Neck and bridge versions available
Hand made in California
Mounting hardware and spacers included
What cons did we find?
Installation can be difficult
Things to Consider
To find the best mini humbucker for your sound, it’s important to know what to look for. Here are some of the main things to keep in mind while you shop.
Mini humbucker vs the rest – know the difference
Mini humbuckers are designed to eliminate external noise, just like a regular humbucker. The difference is that mini humbuckers keep the bright snappy sounds that regular humbuckers eliminate. Overall, they’re pretty similar but there are some notable differences.
Obviously, a mini humbucker is smaller in size to the original. They’re so small, they fit in the palm of your hand. Their size is actually instrumental to the sound they produce. If you will compare them to, for example, P90 pickups, you’ll hear P90 guitar sounding brighter and clearer.
As for sound, a full-sized humbucker produces deep, rich sounds while a mini is somewhere between a single coil and a full-sized humbucker. Because minis are narrower, they sense less string vibration which keeps the sound more focused and bright. On the other hand, standard humbuckers tend to have less noise, more sustain, and stronger output. Which is better really depends on what sound you want to create.
Here’s a great video that demonstrates the difference in sound from a mini humbucker versus a regular one:
High-quality mini humbuckers are a little less expensive than their full-sized counterparts. A top-of-the-line standard humbucker can run upwards of $250 while a mini is around $150.
Features to consider while buying the best mini humbucker
So, what specific things should you be looking for? Let’s break it down one feature at a time.
Size, of course
Size is obviously one of the major reasons to choose a mini humbucker. The smaller size picks up shorter wavelengths from the strings than a standard humbucker. This directly results in less low-end enhancement and a lower output with a clearer, brighter high-end sound.
Mini humbuckers have lower iron content than their full-sized alternatives. This also heavily contributes to their sound characteristics. This difference largely contributes to the mini’s clarity and its ability to retain definition throughout heavy distortion. When pushed hard, though, a good mini also grinds and sings.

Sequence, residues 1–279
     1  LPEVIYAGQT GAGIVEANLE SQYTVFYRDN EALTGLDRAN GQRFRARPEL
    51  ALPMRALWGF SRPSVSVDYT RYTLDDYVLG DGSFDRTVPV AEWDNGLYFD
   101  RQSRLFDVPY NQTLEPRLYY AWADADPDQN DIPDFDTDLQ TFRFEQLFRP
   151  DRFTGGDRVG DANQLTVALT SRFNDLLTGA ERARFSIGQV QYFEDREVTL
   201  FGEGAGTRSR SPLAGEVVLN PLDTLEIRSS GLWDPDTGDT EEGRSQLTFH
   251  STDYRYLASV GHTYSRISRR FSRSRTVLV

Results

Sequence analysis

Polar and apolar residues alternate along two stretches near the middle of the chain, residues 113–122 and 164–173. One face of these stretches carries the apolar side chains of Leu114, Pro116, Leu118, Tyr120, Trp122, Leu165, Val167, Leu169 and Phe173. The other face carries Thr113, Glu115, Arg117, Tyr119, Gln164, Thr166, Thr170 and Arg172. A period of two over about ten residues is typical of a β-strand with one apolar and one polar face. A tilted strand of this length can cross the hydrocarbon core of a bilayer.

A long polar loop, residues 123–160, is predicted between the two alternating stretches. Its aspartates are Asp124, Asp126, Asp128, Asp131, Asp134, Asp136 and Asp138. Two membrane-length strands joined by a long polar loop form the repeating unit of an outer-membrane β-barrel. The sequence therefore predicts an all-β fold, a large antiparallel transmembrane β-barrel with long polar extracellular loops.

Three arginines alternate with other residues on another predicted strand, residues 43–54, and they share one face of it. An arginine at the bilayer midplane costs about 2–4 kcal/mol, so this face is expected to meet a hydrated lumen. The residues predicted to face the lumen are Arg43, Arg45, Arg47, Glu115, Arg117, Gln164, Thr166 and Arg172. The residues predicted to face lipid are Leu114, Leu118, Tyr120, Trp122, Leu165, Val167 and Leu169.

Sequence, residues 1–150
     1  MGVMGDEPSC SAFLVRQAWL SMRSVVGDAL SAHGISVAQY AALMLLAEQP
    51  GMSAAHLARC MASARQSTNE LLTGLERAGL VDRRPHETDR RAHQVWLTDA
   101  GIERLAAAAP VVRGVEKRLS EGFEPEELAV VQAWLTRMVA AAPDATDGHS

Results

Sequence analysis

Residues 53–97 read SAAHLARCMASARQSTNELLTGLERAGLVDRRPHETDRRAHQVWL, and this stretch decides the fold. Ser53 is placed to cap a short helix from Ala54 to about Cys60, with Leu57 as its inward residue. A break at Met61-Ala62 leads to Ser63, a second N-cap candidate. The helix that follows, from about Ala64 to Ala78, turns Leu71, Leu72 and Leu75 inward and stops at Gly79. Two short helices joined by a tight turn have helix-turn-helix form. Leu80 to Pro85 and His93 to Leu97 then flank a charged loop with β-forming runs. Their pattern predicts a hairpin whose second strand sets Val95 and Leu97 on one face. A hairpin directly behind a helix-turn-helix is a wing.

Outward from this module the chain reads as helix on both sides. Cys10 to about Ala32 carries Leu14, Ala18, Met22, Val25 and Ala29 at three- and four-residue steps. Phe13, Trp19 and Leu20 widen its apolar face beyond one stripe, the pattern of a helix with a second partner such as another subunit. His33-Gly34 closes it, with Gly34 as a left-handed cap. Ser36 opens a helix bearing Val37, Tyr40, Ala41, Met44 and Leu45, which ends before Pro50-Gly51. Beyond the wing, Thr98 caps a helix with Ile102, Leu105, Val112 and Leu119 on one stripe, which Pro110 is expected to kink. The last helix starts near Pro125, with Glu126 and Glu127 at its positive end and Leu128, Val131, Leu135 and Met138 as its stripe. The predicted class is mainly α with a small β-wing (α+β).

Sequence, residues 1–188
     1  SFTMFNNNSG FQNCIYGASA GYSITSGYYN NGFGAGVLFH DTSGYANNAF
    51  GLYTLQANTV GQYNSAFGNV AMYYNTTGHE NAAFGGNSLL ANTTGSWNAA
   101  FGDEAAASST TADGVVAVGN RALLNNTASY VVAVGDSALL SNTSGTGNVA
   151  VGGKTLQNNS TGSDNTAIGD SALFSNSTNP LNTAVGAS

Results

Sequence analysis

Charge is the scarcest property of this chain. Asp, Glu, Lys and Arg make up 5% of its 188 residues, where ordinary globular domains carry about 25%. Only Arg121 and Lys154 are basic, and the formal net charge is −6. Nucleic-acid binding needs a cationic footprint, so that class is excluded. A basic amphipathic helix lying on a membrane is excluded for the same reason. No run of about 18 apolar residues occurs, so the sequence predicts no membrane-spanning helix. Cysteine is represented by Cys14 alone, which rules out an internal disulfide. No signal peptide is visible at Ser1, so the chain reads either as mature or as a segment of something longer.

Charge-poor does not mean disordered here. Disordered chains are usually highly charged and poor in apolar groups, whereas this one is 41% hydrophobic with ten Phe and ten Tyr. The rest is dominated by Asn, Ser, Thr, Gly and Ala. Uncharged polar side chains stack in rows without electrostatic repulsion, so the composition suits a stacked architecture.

Minis are constructed in the same way as regular humbuckers, only on a smaller scale. There’s a bar magnet located under each coil with adjustable pole pieces. Each is made of a magnetic, ferrous alloy.
Magnets directly affect the output and tone. The material is important and so is the magnet layout.
Minis have three general layouts:
Individual magnetic poles which produce brighter, thinner sounds. Fender guitars and other single coils commonly use this layout.
Steel poles extending from a magnetic bar and typically used on Gibson guitars and have a fatter, darker sound.
Blade style layouts use a single metal bar instead of individual pole pieces and provide more consistency when bending strings.
Magnet material is really important, too. The most common is Alnico, which is a clever name for an alloy of aluminum, nickel, and cobalt. This is a popular material because it lasts a long time and is able to maintain its magnetic properties.
There are actually a few different types of Alnico. Alnico 3 has the weakest magnetic pull and provides a soft, gentle tone common to vintage Stratocasters. Alnico 2 is similar but has a stronger output. Alnico 5 is bolder and has an even higher output which makes it a great choice for musicians who play more than one genre of music. And Alnico 8 has the strongest magnetic pull which gives it a heavy, aggressive sound.
Another material that’s often used is ceramic which is the hottest of all. It’s used mostly for hard rock and heavy metal in part because of its clear, trebly sound.